Scientists create accurate predictor of the next year’s flu virus

Ars Technica » Scientific Method 2014-03-03

A schematic of the influenza virus attaching to a cell. The red and blue proteins on its surface are the key determinants of whether a vaccine is effective.

Influenza viruses evolve rapidly, making it hard to develop protective vaccines against them. Despite a great deal of effort, scientists have found it difficult to forecast which way the virus’ evolution would take it. Now, thanks to improvements in our ability to study viruses and a new mathematical model, anticipating influenza’s next move appears possible.

Making the jump

In addition to the rapid evolution of genes within human flu strains, the viruses have the ability to jump from animals to humans, a move that can spark global pandemics like the 2009 swine flu which killed thousands from Mexico to China.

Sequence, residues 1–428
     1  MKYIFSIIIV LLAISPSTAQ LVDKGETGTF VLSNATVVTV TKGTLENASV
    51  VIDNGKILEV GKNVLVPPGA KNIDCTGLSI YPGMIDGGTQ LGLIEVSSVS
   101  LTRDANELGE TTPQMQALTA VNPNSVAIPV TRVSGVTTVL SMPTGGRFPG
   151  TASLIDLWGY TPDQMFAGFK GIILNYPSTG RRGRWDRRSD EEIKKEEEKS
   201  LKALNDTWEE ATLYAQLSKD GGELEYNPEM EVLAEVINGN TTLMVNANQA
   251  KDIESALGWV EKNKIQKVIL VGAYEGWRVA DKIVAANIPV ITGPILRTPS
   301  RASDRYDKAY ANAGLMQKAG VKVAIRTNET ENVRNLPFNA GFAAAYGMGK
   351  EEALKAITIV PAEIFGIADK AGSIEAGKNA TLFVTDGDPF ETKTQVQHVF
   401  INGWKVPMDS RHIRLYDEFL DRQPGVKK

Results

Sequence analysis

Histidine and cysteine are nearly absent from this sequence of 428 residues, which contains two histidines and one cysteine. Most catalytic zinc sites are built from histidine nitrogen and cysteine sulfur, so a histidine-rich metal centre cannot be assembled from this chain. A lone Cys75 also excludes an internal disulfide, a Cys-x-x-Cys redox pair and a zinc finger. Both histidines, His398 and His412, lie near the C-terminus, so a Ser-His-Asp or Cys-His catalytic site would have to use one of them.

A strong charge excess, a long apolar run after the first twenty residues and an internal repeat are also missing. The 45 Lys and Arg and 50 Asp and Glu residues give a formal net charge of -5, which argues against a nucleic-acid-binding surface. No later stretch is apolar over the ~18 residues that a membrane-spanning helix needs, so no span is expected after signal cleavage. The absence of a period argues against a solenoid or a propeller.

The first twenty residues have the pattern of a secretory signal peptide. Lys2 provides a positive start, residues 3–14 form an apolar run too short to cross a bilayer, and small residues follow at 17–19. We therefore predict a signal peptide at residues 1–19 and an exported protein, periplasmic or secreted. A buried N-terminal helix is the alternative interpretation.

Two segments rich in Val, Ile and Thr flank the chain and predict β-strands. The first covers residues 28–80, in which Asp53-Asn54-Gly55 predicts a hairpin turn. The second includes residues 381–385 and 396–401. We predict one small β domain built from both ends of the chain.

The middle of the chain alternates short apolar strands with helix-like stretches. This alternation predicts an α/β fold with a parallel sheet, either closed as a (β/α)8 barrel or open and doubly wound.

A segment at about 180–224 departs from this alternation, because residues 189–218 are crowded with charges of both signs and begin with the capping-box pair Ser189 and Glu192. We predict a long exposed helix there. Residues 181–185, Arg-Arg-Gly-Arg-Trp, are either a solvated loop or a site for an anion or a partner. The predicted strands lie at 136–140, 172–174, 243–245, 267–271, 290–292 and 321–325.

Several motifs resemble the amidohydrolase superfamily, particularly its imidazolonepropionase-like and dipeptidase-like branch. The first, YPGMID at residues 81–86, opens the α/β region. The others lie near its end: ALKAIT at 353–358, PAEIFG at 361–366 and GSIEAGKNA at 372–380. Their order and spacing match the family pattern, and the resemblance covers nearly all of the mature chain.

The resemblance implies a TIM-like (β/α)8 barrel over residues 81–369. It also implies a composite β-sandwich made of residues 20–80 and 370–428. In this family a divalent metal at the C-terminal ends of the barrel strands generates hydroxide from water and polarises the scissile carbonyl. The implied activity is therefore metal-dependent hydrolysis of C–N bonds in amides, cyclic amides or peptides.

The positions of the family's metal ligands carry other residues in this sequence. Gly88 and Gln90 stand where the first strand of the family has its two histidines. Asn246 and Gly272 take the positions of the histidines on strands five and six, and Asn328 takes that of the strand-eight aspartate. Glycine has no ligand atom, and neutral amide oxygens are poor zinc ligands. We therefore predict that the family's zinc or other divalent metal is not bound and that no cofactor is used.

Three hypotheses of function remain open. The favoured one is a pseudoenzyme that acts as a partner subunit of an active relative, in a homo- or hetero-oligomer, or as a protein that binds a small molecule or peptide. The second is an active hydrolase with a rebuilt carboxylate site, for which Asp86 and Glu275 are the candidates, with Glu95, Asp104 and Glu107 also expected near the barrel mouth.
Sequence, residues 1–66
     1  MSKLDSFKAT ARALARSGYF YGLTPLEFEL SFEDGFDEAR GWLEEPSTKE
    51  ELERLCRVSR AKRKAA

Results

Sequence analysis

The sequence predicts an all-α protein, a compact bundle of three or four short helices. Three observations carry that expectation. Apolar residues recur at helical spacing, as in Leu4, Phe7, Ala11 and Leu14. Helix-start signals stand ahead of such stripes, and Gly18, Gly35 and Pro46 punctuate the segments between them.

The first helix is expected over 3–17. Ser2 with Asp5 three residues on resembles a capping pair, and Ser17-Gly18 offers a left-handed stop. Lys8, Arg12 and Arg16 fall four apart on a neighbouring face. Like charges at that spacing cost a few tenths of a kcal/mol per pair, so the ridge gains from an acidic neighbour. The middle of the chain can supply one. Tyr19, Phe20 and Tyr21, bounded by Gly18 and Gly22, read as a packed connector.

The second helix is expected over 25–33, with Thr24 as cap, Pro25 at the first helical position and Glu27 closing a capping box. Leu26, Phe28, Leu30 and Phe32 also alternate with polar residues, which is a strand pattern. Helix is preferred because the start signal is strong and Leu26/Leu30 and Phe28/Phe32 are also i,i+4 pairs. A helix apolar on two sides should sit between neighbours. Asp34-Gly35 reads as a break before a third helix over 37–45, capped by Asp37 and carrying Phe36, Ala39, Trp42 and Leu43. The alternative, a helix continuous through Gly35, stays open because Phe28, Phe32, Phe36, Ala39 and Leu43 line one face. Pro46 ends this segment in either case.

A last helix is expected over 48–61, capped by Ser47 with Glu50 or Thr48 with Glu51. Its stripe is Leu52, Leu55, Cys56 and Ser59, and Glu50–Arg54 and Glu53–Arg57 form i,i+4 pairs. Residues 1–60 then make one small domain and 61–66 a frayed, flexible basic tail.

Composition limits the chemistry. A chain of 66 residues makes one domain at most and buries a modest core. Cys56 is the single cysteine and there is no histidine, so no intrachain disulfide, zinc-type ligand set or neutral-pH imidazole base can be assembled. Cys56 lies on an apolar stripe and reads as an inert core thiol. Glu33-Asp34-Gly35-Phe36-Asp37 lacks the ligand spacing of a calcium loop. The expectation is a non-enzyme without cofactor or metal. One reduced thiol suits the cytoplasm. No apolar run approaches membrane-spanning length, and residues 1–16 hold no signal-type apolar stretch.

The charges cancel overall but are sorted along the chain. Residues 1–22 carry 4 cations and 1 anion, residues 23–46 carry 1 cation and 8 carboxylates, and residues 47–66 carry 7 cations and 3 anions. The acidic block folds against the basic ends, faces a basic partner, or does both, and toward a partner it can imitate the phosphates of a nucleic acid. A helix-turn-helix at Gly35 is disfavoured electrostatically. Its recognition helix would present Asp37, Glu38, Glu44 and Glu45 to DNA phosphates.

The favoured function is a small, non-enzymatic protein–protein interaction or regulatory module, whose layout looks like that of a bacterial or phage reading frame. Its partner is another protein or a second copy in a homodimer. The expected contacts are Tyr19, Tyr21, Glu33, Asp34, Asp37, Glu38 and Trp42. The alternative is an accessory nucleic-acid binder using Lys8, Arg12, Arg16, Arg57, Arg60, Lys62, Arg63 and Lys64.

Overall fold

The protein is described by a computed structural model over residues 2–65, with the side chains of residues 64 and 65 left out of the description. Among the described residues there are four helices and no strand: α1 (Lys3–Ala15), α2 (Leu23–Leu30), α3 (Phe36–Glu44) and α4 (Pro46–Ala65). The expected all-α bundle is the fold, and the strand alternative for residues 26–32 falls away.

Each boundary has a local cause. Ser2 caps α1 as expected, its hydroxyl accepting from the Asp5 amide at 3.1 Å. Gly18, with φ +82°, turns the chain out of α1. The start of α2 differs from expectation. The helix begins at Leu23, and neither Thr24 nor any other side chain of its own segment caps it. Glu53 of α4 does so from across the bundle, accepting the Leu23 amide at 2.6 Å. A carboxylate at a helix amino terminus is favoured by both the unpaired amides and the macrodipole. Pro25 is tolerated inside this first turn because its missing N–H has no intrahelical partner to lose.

But a pandemic does not always follow from these jumps. For example, there have been numerous reports of humans being infected with the H5N1 bird flu, yet it doesn’t seem to spread from human to human. Researchers are still trying to understand why some influenza viruses are unable to spread within human populations, while others have taken off.

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